Not So ‘Lone Runner’ in Lima

Whatever my idea of a sabbatical was, it wasn’t getting up at 5.10 am on most days. Now that I’m used it, I consider sleeping ’til 6am on a Sunday a lie in. This has nothing to do with DD starting school, as it has with the pre-mid life crisis of once the runner-up of the fifth grade school trail running championship suddenly bestowed more spare than there are Youtube videos to watch. So she becomes completely outdoorsy.

I’m no speedy gonzales, but I’ve always loved running – even before I spent an hour a day reading the Runner’s Magazine. But me and trail running hit the rocky road when I became a single mother/management consultant. For the first couple of years especially, my nose would be running more often than my feet. I’d be reaching my maximum heart rate at the top of the escalators at King’s Cross.

As often happens with the taken-for-granted things in life, I realised how integral running was to my identity in a hospital bed. High as a kite from morphine the day after my spine surgery, I read ‘It’s Not About the Bike’ by Lance Armstrong, and googled swimming instructors in London.  As if reading my thoughts, my neurologist (what, not everyone has their personal neurologist?) said the words that have followed me to South America: “You will be running soon again.”

And so I am – but in Lima rather than London.  I’ve joined a local sports aficionado group Miraflores Runners led by a Peruvian elite distant runner. Mr Ricapa likes taking photos and making people get up at 5am. There are now so many unflattering #nomakeup shots of me on Facebook that cancer charities would probably return donations on seeing my account removed.

In the past month I’ve taken part in three of Lima’s big races. Toyota 21k, Maraton RPP and New Balance 15k. If you’ve clocked most of your miles in Europe, the first thing to note is the absence of fund raising, but you can take comfort in your nice new t-shirt in which you’ll be raising the awareness of car manufacturers/fast food chains. Someone’s got to burn the calories. The second thing to note is that the Maraton RPP is not a marathon. It’s a 21k. But, hey fifty percent margin of error- let’s not be so pedantic.

The third thing is the gender balance. As you walk to the race start area, you are greeted by (presumably) Argentinian models. You can’t miss them, because they are tall and blonde and their boobies that have more gel cushioning than my trainers, are at the eye level of the average height Peruvian man. Qualities that would make them excellent pacers, but despite the misleading clothing, they are not there to run. They have more important things to do. Like to be blonde.

So that’s the women done…

I’ve observed about 1 to 4 female-male ratio at the events. It’s great if your bowel is telling you that carb-loading before a race (you learnt about that in Runner’s World) is not for people who tend to load on carbs anyway. Welcome to your first public event ever where there are no 5-mile queues for the ladies’! On the other hand, this means Lima’s trees get watered extra well (before eventually dying of ammoniac). But most importantly, mind the machismo on the track!  Some say that men are worse at pacing themselves. My guess is that they have been to South America. In which case they, like me, may have noticed the first aid treat someone at the 1km point.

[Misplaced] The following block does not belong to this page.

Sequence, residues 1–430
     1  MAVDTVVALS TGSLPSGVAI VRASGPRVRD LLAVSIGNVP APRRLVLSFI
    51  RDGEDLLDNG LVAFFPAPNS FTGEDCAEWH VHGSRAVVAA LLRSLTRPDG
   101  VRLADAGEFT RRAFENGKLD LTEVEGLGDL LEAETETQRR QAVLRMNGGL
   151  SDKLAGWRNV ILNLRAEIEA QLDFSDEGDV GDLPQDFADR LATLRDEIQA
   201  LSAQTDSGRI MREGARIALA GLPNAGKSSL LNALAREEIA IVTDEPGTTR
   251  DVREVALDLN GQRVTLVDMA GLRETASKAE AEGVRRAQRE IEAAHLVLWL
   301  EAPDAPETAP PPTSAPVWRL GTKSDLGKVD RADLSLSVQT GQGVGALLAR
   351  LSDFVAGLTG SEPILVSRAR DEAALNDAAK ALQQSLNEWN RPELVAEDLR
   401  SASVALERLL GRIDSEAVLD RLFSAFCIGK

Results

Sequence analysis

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Running away from her problems as usual. At RPP.

The New Balance 15k is a nice fairly flat race and my favourite of the three: you can even win a trip to the Disney 21k,  if you are wearing a new pair of NB trainers. AND you make your best friend happy when they will be carrying your chip as you’re recovering from a knee injury for breaking the runner’s rule #1: ‘do not try anything new the day of the race’.

So, Lima and its races. Are they worth it? I wouldn’t be booking flights… unless you want to tell your Facebook friends you finished a ‘marathon‘ in an hour, or you’re a woman and have a nervous gut like me.  But if you happen to be in Lima and not that busy on a Sunday morning – as they say here: ‘alas y buen viento!’ (wings and good wind) You may see a race regular English bulldog El Biuf on skateboard enjoying just that.

Maraton RPP
Source: Maraton RPP Facebook

But it seems that as with everything else, the most amazing things about Peru are found far outside the capital. We are currently booking flights to Tarapoto for the Amazon 21k Race in November. Trail run in the jungle – now that’s what I call a sabbatical.

IMG_20140929_182212ASICS, Brooks, Nike, if you’re reading this, I will review your latest runners in exchange for a free sample. Who cares I have 100,500 fewer followers than El Biuf? I can write better than the bitch.
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4 thoughts on “Not So ‘Lone Runner’ in Lima

  1. alison says:

    Rather you than me, can’t believe I used to do cross country in my teens! My sport consists of watching the kids now. How is dd liking school? Is she learning Spanish?

    • As soon as she’s old enough I’m going to project all my unrealised dreams on her and start watching her on the pitch. Unfortunately at the moment the only sports she likes is tag and hide and seek. Is Ewan breaking records with the bike?

  2. Anna says:

    Hah! I had also noticed that here every race is called “marathon”, whether it’s 5, 10, 21 or 42K -just like any sparkling wine is called “champán”. It just sounds better, right? 🙂

    • Hi Anna and yes – I’m really surprised the EU haven’t stepped in. ‘Marathon’ should be trademarked and all fake marathons could be called the Greek distance. (And just to keep the focus on the course, the models could be replaced with Angela Merker). See you at the next 10k marathon?

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